CAPE CANAVERAL, Fla. (Reuters) - The solar system may host a ninth planet that is about 10 times bigger than Earth and orbiting far beyond Neptune, according to research published on Wednesday.
Computer simulations show that the mystery planet, if it exists, would orbit between about 200 and 1,000 times farther from the sun than Earth, astronomers with the California Institute of Technology in Pasadena said.
So far, the planet has not been observed directly.
“It’s a pretty substantial chunk of our solar system that’s still out there to be found, which is pretty exciting,” said astronomer Mike Brown, whose discovery was published in this week’s Astronomical Journal.
Brown and astronomer Konstantin Batygin, also at Caltech, initially were skeptical that such a large planet would have eluded detection.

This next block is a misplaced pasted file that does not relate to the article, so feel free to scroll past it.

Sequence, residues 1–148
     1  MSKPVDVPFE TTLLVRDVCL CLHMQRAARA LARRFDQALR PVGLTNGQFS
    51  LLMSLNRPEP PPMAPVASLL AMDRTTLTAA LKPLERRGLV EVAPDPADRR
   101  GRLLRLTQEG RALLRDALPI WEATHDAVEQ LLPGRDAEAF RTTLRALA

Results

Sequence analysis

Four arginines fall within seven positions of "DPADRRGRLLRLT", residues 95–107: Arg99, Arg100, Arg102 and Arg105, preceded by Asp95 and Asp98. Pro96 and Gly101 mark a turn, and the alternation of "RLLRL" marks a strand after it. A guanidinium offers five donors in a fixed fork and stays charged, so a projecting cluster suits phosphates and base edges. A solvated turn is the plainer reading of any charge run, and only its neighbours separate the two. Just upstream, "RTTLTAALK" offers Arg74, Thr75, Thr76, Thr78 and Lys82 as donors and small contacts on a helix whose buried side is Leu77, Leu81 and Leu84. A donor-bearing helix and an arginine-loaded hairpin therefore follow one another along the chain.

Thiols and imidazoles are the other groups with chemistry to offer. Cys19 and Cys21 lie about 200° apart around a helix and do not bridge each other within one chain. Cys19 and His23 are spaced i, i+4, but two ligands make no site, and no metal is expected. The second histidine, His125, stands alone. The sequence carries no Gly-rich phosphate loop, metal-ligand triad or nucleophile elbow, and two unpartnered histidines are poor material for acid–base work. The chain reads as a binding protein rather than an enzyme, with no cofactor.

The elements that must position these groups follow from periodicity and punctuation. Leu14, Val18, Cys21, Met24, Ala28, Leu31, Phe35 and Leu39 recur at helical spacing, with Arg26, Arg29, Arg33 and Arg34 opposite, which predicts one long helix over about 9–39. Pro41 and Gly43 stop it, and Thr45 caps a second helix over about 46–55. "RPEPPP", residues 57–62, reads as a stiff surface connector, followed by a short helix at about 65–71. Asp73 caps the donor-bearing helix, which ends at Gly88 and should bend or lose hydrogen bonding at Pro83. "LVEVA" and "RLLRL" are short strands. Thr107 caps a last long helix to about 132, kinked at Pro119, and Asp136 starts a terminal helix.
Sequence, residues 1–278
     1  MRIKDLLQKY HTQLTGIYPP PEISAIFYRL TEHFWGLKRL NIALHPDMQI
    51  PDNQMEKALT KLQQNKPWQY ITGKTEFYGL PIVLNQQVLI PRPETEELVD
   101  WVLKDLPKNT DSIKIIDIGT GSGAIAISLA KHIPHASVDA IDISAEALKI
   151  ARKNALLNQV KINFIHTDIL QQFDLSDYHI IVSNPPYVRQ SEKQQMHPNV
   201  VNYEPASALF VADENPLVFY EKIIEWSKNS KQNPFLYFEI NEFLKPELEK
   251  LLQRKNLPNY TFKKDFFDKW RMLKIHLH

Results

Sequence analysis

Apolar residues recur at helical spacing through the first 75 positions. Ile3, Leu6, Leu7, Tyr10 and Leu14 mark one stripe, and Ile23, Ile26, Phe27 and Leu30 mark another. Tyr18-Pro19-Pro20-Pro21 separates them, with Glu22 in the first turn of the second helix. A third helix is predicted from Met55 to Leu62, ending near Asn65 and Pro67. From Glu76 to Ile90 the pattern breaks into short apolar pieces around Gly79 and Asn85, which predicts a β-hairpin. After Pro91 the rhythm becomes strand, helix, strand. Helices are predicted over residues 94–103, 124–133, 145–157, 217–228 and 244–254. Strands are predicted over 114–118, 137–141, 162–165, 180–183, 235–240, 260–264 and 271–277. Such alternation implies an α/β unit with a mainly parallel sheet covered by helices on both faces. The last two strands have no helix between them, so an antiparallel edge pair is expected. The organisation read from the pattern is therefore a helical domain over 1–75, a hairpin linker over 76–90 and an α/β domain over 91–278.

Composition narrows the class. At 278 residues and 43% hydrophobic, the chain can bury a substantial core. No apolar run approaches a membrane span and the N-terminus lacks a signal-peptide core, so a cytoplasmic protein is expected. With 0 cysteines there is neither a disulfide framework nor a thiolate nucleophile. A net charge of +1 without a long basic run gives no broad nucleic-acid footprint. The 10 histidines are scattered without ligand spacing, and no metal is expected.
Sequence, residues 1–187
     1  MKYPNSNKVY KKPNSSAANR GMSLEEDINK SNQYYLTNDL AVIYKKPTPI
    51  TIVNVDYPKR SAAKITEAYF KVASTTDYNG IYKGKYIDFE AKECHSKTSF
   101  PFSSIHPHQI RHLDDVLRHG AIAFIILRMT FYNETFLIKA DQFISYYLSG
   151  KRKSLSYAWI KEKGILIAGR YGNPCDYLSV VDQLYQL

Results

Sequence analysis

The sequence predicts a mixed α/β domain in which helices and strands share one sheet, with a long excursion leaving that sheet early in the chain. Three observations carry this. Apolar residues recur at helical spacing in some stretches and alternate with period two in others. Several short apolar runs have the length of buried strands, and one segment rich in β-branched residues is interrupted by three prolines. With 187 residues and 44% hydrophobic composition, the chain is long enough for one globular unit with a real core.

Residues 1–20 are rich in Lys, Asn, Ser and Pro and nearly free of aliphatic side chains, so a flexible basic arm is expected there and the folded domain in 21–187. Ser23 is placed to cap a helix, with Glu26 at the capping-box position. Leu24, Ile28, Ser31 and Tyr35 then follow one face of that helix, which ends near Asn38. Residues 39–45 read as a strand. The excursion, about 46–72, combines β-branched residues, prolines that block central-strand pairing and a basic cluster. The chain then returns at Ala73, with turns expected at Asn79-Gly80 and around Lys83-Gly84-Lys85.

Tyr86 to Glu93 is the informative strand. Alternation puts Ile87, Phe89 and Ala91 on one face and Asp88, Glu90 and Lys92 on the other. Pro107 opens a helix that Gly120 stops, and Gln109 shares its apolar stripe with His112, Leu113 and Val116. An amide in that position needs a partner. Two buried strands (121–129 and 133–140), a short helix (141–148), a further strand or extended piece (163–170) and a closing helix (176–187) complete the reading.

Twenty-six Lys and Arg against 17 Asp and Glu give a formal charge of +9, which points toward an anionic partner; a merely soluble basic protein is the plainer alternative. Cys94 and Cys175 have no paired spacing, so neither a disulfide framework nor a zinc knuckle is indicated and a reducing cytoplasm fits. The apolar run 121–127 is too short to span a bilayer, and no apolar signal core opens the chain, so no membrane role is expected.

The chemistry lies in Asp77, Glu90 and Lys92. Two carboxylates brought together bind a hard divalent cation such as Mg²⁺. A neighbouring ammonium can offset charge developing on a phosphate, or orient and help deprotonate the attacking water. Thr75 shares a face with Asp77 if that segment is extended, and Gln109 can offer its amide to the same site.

But they modeled the hypothetical planet’s gravitational effects on several known bodies in the region and found a near-perfect match.
The computer model also predicted the location of other objects beyond Neptune, in a region known as the Kuiper Belt, and those were found in archived surveys as well.
At that point, “my jaw sort of hit the floor,” Brown said in a statement.
Brown’s earlier research helped to demote Pluto in 2006 as the solar system’s ninth planet after other small, icy bodies were found beyond Neptune.
“All those people who are mad that Pluto is no longer a planet can be thrilled to know that there is a real planet out there still to be found,” Brown said.
(This version of the story corrects orbit distance mentioned in the 2nd paragrah to 50 times farther from the sun, not 20 times)
Reporting by Irene Klotz; editing by Bill Trott, Letitia Stein and Dan Grebler
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